How to Use Google Trends to Supplement Keyword Volume

There are lots of different keyword research tools available. 90% of the time they offer nothing new. When it comes to being definitive with a volume total, it honestly feels like a crap shoot.

Even Google’s Keyword planner is a mess, which is why so many new KW research products were developed to begin with. Proof that it is unreliable comes from the fact that the auto complete or “suggested or related searches” displayed at the bottom of search engine result pages don’t register any volume at all.

Another issue is the range it now gives for different phrases. When I was building this site I needed to choose between “SEO consultant” or “SEO expert” as a target phrase. In the screenshot below, you’ll see the volume range for “SEO consultant” is 1k-10k. For “seo expert” it is also 1k-10k.



So what should the next step be? Due to Google’s understanding of language, it’s perfectly reasonable to assume that you will successfully rank for both phrases even if you just target one. But it turns out the difference in exact matching part of the search phrase and partial matching is huge.

Check out the examples below – I searched for “seo expert vancouver” and websites with “consultant” in the title tag appeared in the top 3. Good for them.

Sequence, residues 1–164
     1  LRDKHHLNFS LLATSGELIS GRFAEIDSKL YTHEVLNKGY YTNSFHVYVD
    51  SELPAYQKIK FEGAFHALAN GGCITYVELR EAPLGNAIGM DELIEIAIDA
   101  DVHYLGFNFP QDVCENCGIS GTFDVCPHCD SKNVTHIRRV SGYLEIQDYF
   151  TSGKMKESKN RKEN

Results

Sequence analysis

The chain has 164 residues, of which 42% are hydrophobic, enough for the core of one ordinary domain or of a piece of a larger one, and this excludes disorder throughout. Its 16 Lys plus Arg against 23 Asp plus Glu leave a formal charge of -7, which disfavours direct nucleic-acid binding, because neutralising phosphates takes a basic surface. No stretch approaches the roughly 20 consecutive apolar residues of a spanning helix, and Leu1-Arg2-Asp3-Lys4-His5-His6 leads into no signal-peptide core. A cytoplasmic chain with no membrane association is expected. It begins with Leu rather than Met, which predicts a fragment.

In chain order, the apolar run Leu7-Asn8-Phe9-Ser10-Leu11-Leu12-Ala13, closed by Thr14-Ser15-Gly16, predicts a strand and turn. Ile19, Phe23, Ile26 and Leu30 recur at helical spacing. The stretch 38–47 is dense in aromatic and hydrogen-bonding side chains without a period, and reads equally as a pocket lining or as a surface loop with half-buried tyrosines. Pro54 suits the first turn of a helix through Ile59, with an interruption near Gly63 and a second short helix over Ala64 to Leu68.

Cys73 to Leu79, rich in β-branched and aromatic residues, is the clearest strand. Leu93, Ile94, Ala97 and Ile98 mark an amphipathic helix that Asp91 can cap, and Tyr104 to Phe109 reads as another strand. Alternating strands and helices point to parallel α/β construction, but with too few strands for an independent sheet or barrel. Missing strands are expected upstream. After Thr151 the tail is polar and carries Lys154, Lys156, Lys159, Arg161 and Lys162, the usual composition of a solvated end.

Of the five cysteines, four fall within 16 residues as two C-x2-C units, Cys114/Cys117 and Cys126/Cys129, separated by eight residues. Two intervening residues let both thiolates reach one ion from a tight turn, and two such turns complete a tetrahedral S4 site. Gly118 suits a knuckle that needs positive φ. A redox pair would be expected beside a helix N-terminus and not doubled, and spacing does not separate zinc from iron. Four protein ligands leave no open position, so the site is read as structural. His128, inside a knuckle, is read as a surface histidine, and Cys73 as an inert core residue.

But note when I searched for “seo consultant vancouver” I got very different results, a map pack, and saw the site that is #1 for “seo expert vancouver” (spacebound) now at #7.




Clearly these sites need to know which is better to rank for, consultant or expert.

Google Trends Provides Additional, Needed KW Info

This is where getting great SEO training in San Francisco really pays off. Go to Type the phrase you’re interested into the search bar at the top of the screen.


On the next screen a 2nd box will appear allowing you to compare phrases. You can actually compare up to 4 phrases at once. You can even apply date range filters, device filters and location filters to pinpoint the type of search traffic you’re looking to measure.


As  you can see – it’s no contest. “SEO expert” and its related phrases are clearly searched for more times than “seo consultant.” The graph measures “interest over time” and does not give a monthly search total.  But had we just gone with the Keyword Planner tool there would have been a 50% chance we made the wrong decision.

Even if you used the bid prices in the screenshots above, you still would have got it wrong. It’s logical to infer that a higher bid price means a certain keyword will generate more ROI, but “seo consultant” was bid on more than “seo expert.”

In conclusion, when you run into phrases that are similar and the KW Planner isn’t giving you a clear answer on which is searched more, Google Trends can be your SEO lifesaver.

If you’re looking for a SEO expert in San Francisco to help your business with ranking better, fill out the contact form below and I’ll respond ASAP. Happy hunting.

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